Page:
After almost seven years of leading his congregation in social action and heading up its educational programs, Rabbi Ronald Symons has announced that he will be leaving his post at Temple Sinai at the end of this school year, June 2015.
Symons, who serves as both the director of Lifelong Learning and the director of the Tikkun Olam Center for Jewish Social Justice at Temple Sinai, will be resigning in order to pursue “a new professional rabbinic path in Pittsburgh,” he said in a letter to his congregation on Oct. 23.
While he has not yet charted that path, he said he is now beginning to look around for a position that will fit his set of skills and passions.
“I really continue to be inspired by Jewish wisdom and sharing that wisdom with people,” he said in an interview. “I am inspired by how Jewish wisdom can impact the world for good.”
Symons made headlines earlier this year when he was arrested for trespassing at the University of Pittsburgh Medical Center headquarters while protesting the wages that the regional health care giant pays its lower-level employees. Nine other clergy members were arrested as well.
Symons said he was proud of Temple Sinai’s work to improve the community at large, including its ongoing volunteer efforts at the Squirrel Hill Community Food Panty and its collaboration with interfaith organizations such as the East End Cooperative Ministry and the Pittsburgh Interfaith Impact Network.
“What I learned from Temple Sinai members is our Jewish wisdom matters in our world,” he said. “And I’m proud of all the things Temple Sinai members have accomplished over the years in social action, and in Jewish learning, as well as in creating a vibrant congregation. I’m confident that work and success will continue years into the future.”
During his tenure, Symons strengthened the connection between b’nai mitzvah families and the Jewish Association on Aging, ensuring that “every grade level learns about the mandate to honor and respect the elderly and to care for them,” he said.
He also noted his pride in Temple Sinai’s teen community as well as its “vibrant Jewish adult learning, ranging from traditional Jewish learning to contemporary issues.”
Throughout Symons’ tenure at the congregation, he has been a “thought leader,” said Rabbi James Gibson, senior rabbi at Temple Sinai.
Symons, said Gibson, upgraded the educational curriculum during his time as director of Lifelong Learning and served as a mentor to the religious school teachers.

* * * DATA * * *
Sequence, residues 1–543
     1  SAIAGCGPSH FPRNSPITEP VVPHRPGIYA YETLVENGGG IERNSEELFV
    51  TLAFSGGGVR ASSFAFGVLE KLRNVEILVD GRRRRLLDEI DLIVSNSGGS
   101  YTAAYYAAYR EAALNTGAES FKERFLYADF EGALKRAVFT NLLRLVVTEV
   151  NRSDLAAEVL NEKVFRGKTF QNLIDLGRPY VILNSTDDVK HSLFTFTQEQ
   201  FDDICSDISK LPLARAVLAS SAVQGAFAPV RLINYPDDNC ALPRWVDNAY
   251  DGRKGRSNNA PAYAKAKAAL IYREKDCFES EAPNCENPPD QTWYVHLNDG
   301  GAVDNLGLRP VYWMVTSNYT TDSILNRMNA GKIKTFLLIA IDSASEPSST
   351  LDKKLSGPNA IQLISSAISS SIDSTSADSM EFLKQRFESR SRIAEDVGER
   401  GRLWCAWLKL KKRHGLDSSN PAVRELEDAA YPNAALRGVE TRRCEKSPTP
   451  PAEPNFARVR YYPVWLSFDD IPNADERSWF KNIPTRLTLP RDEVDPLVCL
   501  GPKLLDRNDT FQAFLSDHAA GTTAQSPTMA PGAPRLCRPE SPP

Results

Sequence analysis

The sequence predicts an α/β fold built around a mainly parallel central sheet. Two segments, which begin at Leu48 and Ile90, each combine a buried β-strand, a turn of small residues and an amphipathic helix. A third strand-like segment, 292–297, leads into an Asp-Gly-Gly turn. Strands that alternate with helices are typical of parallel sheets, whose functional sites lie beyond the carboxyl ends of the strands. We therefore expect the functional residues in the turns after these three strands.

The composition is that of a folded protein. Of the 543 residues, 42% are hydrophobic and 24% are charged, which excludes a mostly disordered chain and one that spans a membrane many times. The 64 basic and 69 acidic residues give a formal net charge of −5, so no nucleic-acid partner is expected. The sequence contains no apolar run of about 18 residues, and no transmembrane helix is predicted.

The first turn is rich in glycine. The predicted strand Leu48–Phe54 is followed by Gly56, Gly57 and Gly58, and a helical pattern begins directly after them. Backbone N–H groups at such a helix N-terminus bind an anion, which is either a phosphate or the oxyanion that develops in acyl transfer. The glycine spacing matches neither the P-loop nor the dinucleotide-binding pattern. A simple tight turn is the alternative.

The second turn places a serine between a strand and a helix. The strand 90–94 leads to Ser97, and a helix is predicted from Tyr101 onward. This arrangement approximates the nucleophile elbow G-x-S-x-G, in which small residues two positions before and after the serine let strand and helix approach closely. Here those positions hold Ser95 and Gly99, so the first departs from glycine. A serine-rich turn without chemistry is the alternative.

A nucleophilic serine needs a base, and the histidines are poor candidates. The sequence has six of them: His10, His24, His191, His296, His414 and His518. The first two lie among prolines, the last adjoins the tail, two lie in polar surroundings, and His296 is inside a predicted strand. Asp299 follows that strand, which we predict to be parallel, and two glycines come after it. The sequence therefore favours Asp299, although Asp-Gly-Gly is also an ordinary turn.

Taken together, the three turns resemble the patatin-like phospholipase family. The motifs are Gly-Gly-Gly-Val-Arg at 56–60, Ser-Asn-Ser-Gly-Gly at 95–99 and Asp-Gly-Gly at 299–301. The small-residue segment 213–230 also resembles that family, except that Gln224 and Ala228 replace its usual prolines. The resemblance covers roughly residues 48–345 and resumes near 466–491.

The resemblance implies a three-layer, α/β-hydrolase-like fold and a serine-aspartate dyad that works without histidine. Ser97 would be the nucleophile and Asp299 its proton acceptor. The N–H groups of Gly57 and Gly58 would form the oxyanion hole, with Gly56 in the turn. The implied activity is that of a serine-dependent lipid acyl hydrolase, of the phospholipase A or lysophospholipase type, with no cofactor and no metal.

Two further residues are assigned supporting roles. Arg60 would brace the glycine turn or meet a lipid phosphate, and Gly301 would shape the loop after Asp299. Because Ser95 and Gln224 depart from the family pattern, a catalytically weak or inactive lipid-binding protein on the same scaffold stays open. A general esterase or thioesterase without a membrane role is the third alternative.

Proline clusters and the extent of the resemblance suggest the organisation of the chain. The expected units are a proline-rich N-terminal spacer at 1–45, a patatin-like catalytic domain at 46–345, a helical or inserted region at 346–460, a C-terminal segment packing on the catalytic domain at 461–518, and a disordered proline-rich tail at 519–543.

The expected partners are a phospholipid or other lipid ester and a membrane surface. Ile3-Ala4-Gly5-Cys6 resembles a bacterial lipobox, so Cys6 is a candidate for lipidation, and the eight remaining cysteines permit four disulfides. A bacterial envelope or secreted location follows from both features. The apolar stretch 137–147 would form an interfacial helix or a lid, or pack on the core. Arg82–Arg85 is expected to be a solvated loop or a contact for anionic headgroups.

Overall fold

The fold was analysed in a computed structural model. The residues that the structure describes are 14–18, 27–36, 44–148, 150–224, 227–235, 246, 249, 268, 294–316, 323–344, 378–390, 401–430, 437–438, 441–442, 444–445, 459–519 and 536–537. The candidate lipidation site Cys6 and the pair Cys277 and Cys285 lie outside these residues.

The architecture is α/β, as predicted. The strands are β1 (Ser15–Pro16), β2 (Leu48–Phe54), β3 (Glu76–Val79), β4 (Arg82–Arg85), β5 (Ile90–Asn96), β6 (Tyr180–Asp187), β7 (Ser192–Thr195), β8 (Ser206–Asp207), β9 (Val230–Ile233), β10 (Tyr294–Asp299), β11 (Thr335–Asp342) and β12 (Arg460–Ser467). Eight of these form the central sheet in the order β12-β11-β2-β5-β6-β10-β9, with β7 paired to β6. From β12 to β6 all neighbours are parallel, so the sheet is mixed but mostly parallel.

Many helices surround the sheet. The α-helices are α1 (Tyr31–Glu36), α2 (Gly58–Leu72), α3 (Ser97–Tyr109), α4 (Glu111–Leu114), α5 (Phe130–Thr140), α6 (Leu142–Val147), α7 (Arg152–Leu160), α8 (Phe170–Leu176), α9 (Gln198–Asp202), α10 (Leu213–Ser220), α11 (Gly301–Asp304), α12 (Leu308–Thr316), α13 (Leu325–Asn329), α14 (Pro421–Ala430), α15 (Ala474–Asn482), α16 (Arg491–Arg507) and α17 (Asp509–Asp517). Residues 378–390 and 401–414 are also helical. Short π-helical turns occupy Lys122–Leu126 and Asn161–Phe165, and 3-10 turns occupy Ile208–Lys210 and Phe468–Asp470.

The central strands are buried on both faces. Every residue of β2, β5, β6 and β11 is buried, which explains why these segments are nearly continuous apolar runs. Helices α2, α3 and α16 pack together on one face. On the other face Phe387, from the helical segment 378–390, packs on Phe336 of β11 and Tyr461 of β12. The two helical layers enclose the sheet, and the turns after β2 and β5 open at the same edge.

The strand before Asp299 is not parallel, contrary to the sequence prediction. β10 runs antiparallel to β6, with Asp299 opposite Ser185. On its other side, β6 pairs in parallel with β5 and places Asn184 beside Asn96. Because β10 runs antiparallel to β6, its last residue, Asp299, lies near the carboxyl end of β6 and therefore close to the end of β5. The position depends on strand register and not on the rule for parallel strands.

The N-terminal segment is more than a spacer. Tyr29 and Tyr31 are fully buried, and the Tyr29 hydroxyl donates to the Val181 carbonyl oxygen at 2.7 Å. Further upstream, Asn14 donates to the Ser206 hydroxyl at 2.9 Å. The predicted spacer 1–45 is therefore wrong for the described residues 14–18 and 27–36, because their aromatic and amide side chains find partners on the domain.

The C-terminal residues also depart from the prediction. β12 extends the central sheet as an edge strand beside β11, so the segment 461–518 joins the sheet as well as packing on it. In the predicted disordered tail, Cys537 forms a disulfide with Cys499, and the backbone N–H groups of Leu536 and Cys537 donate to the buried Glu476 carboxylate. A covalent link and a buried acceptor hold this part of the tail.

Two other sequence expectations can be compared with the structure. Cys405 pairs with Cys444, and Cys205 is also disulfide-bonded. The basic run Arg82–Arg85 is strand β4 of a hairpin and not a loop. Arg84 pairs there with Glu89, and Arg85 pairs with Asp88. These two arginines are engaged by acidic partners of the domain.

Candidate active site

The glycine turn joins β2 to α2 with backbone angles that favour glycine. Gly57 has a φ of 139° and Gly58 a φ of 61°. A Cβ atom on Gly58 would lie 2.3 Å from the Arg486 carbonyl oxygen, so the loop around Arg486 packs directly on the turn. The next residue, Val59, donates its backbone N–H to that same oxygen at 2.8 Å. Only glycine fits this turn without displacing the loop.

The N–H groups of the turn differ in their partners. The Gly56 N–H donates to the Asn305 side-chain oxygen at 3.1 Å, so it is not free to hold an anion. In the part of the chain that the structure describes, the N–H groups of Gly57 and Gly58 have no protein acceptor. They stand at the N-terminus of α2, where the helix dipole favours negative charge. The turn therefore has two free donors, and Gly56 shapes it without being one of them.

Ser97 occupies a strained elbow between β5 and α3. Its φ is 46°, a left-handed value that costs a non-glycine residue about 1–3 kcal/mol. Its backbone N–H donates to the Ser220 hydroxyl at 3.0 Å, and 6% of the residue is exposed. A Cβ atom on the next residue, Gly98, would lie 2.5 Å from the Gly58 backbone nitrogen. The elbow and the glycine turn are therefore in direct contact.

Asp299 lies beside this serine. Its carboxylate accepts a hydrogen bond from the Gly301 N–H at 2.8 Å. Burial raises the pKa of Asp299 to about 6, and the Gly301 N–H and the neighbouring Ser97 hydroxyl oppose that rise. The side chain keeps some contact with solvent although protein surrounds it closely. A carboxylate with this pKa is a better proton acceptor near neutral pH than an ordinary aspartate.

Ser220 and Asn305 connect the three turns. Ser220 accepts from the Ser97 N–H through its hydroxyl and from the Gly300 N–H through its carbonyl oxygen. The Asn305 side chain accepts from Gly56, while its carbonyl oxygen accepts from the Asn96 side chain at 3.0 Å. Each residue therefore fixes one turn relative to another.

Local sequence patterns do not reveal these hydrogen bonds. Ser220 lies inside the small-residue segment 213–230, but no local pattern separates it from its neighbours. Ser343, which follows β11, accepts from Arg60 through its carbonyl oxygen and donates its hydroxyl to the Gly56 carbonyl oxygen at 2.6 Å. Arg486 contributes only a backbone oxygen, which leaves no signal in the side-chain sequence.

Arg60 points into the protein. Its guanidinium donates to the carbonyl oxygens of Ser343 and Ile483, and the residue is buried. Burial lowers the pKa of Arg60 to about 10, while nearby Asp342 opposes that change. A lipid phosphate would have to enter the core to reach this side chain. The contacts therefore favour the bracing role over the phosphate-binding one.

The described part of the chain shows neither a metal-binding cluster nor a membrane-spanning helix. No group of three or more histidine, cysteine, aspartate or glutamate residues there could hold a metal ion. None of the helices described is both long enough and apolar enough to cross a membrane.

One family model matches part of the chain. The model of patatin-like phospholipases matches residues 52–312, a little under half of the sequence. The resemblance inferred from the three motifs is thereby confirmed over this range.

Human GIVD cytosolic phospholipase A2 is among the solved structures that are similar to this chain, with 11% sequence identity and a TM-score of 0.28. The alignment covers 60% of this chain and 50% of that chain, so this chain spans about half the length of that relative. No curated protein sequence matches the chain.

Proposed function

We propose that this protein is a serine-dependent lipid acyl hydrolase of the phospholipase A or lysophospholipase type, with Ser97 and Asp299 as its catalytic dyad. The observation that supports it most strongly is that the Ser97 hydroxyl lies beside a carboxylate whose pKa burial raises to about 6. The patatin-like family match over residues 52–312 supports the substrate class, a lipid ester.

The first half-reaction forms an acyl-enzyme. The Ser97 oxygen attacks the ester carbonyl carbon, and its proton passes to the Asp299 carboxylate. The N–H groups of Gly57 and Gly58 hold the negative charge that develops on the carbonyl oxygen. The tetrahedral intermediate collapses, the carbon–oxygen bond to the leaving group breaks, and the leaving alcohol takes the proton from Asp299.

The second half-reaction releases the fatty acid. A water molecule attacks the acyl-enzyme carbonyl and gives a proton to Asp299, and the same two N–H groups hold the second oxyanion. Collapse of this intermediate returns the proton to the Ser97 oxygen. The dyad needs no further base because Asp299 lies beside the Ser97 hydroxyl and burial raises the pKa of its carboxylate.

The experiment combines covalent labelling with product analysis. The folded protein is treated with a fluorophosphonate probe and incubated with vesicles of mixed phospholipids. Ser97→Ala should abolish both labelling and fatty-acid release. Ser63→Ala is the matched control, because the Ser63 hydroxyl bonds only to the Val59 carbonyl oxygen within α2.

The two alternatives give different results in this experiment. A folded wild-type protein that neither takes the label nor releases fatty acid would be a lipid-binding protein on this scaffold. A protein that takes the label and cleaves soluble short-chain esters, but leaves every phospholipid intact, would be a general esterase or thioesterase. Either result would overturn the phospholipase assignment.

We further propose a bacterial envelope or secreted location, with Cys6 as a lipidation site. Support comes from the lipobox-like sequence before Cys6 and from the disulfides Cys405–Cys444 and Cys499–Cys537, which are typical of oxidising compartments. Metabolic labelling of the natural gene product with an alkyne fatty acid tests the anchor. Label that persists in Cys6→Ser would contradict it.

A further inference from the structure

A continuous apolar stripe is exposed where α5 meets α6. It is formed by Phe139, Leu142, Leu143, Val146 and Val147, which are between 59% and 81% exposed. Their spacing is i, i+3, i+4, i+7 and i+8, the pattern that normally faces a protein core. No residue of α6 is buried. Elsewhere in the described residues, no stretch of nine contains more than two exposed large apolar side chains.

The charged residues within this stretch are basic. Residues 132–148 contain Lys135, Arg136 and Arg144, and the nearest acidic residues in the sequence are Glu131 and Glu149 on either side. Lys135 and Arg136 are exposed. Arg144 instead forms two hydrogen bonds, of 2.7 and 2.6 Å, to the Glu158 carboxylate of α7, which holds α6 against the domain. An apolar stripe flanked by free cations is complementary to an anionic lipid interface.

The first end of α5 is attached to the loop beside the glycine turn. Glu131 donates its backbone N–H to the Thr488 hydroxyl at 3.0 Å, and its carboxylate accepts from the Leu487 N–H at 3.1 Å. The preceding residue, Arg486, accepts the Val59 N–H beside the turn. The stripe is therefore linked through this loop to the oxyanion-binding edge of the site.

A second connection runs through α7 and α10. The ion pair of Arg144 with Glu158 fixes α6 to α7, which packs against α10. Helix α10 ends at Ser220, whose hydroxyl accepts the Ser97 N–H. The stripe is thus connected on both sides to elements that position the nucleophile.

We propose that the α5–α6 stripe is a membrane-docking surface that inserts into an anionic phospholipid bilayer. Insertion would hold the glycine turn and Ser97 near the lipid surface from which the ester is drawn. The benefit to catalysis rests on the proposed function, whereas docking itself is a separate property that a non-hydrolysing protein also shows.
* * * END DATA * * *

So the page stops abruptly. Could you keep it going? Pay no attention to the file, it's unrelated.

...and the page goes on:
“He took our school to a new level,” said Rick Kalson, president of the congregation.
Through the efforts of Symons, Jewish programming expanded beyond the walls of the temple, said Gibson.
“He spearheaded out-of-temple experiences for young adults on Rosh Hashanah, and he has been an advocate for beyond-the-walls education,” Gibson continued, noting Symons’ “Crazy Torah” meetings at the Crazy Mocha coffee shop, where adults study the weekly Torah portion.
“He also has been a beacon of social justice advocacy,” Gibson added. “It’s been a marvelous seven years, and we thank him for his gifts and hope to partner with him in his future endeavors.”
Symons’ imminent departure is driven by his desire to find new opportunities to grow, according to Kalson.
“I think Rabbi Symons grew tremendously in his seven years at Temple Sinai,” he said. “I think now he is looking for a new growth opportunity.”
In his letter to the congregation, Symons said he made the decision to leave “after a good deal of self-reflection and consideration about the congregation’s needs and my family’s needs.”
Symons’ announcement that he would be leaving Temple Sinai took the congregation’s president by surprise.
“This is not what I expected,” Kalson said. “But I respect him tremendously as a rabbi and as a friend, and I respect his decision.
“I’m in spiritual mourning that he’s leaving,” Kalson added. “And I’m looking forward to a long relationship in the future.”
The congregation has formed a rabbinic search committee, which plans to have someone in place before Symons leaves so that he can help with the transition, according to Kalson.
Education and social justice will remain a priority in determining Symons’ successor, Kalson said, adding that the congregation’s new rabbi will certainly bring “some of their own flavor and own ideas to improve on something that’s already pretty terrific.”
Symons encourages anyone looking for “an active and vibrant Jewish community” to consider exploring Temple Sinai.
“Temple Sinai continues to be that and promises to be even better in the future than it has been in the past,” he said.
Toby Tabachnick can be reached at firstname.lastname@example.org.